Brynlee Knox – Beckwith-Wiedemann Syndrome

Brynlee Knox

“Brynlee has gone through quite a bit in just her first year of life,” says Bethany Knox of her now 16-month-old daughter whose favorite things include The Greatest Showman soundtrack, her swing and trampoline, and her older brother, Billy.

Her story begins in October of 2020 in Pittsburgh when Brynlee was born six weeks premature. Upon birth, doctors discovered that she had an intestinal obstruction and observed that she had an enlarged tongue. She was immediately transferred to UPMC Children’s Hospital of Pittsburgh where a team of doctors led by Dr. Kelly Austin, pediatric general surgeon and director of the Colorectal Center at UPMC Children’s, performed emergency intestinal surgery.

The surgery was successful in removing the intestinal blockage and Brynlee and her family spent the next few weeks in Children’s Neonatal Intensive Care Unit (NICU) while she recovered.

“As challenging as that time was, we had a phenomenal experience with Children’s NICU,” said Bethany. “It’s so hard to see your child hooked up to so many machines but everyone took amazing care of her.”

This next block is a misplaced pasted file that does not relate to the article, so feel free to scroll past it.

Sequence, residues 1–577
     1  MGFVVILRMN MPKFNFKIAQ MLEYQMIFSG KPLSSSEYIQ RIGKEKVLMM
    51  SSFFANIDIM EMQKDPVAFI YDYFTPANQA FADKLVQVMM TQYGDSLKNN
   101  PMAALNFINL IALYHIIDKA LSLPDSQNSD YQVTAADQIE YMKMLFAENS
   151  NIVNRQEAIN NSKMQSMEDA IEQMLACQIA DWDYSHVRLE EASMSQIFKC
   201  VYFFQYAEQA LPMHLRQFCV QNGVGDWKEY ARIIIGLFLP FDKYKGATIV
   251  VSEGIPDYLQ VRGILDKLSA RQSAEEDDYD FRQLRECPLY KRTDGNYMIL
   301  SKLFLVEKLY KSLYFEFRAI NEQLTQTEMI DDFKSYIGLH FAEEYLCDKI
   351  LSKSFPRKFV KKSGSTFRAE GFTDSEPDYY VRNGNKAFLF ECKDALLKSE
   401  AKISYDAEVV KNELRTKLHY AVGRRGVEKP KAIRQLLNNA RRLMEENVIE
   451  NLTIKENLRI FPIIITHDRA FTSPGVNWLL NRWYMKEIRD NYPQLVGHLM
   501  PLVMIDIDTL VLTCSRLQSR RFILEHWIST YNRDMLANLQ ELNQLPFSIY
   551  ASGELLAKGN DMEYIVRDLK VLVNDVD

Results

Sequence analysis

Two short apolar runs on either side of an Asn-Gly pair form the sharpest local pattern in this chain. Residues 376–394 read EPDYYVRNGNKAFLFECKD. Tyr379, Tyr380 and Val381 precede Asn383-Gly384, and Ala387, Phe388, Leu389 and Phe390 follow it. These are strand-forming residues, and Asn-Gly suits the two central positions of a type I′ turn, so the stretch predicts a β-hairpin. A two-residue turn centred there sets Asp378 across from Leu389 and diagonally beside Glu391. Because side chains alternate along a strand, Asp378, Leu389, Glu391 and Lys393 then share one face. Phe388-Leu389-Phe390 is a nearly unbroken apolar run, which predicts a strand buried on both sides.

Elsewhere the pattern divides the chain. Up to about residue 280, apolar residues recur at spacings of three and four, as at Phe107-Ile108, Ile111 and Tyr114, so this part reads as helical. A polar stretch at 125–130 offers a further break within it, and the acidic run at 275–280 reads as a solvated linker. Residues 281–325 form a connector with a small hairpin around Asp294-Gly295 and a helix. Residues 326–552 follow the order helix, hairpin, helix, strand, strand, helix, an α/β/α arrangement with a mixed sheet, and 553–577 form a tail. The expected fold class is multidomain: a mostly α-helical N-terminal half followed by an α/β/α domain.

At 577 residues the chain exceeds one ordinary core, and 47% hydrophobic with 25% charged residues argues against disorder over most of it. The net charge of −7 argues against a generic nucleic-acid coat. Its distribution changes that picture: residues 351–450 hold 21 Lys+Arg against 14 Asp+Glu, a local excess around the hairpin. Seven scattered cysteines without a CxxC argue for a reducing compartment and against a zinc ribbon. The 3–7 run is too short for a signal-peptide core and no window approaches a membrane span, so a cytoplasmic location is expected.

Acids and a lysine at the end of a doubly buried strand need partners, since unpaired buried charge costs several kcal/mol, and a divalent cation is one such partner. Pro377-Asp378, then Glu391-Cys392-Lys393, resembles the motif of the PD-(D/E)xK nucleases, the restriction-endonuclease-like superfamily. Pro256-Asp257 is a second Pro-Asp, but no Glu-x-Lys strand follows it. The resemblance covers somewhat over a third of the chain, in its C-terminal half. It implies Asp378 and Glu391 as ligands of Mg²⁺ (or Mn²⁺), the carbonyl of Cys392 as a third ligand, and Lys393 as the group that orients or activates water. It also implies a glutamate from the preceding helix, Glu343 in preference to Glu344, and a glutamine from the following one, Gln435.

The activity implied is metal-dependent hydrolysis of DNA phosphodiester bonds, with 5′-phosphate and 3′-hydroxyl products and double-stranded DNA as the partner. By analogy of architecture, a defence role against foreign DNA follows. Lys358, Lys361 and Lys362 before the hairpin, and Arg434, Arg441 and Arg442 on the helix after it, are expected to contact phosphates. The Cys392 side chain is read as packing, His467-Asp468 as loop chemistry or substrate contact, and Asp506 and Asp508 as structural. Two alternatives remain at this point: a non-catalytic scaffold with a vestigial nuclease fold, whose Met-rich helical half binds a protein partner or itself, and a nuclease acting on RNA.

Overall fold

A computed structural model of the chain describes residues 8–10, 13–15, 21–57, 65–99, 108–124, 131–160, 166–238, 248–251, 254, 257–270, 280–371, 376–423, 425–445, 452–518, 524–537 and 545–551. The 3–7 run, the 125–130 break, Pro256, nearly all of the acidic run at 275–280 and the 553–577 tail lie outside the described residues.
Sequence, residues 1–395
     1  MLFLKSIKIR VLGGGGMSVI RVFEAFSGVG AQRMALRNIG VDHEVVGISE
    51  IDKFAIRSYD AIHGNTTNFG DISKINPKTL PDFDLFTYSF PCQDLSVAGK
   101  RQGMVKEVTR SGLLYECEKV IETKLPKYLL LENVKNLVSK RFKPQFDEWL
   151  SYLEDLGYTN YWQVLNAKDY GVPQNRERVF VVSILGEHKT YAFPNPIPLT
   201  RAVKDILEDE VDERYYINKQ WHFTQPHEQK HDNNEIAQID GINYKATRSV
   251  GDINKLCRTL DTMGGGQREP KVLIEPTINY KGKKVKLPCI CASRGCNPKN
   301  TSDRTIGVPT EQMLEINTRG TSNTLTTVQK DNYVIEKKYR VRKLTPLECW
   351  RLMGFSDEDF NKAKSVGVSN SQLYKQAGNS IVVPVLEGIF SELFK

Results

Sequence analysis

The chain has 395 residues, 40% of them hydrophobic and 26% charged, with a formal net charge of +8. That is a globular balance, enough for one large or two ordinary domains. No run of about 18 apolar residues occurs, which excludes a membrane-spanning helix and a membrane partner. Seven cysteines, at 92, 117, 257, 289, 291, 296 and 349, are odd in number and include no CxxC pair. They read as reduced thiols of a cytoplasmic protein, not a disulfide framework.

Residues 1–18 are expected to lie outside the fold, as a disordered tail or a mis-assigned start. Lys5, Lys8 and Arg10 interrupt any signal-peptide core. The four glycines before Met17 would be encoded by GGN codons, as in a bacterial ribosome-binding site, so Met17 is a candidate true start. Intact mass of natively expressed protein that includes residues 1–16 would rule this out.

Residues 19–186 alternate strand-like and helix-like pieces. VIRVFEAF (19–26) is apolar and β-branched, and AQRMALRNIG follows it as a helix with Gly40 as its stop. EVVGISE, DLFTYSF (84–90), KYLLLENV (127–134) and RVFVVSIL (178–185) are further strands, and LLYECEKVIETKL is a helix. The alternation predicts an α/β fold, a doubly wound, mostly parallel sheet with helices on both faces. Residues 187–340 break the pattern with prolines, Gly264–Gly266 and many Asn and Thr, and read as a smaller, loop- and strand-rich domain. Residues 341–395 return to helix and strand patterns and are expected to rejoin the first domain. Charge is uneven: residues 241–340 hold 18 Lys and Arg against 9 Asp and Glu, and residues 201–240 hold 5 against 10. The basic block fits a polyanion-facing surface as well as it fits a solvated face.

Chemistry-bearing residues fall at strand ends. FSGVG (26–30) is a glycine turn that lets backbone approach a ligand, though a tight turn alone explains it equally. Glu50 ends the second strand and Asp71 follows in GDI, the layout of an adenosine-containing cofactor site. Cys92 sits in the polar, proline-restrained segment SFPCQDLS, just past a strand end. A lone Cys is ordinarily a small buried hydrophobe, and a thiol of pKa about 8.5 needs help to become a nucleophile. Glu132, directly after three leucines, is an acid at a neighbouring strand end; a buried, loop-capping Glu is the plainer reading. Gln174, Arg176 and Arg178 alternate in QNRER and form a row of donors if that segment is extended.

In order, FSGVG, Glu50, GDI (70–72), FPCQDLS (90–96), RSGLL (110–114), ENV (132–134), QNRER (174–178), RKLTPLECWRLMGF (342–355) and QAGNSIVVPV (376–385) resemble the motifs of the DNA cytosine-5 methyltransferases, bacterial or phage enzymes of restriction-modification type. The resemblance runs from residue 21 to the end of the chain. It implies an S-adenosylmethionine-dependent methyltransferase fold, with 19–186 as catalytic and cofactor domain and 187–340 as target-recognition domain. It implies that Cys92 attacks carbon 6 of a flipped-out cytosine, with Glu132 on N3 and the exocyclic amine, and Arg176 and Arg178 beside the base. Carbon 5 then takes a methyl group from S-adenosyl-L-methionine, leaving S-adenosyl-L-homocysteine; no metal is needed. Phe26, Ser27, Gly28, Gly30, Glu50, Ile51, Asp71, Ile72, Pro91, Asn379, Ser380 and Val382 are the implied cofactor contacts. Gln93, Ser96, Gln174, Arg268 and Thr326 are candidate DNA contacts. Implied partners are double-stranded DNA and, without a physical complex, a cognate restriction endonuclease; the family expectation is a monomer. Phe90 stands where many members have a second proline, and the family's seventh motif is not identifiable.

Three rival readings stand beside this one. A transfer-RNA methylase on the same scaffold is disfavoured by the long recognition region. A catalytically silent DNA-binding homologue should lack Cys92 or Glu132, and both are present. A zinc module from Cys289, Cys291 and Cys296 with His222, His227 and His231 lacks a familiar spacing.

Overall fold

As Brynlee continued to grow and gain strength in the NICU, her doctors and parents kept an eye on her enlarged tongue, unsure at that point of the underlying cause. But after 19 days, with one major obstacle overcome, Brynlee was discharged and went home with her family to their home in Bethel Park just outside of Pittsburgh.

A Suspected Diagnosis, Confirmed by Testing

At home, as Brynlee’s enlarged tongue continued to give her difficulties, Bethany took to researching possible causes and diagnoses related to enlarged tongues. During her pregnancy she had had one ultrasound where her doctor had noted that the baby’s nasal bone was “not well visualized” – something that can often be associated with Down syndrome. However, she had some tests run during her pregnancy that had ruled out that particular diagnosis.

One day during her research, Bethany came upon information about Beckwith-Wiedemann syndrome (BWS) and decided to take this information to her pediatrician, Dr. Eric Friedlander at UPMC Children's Community Pediatrics.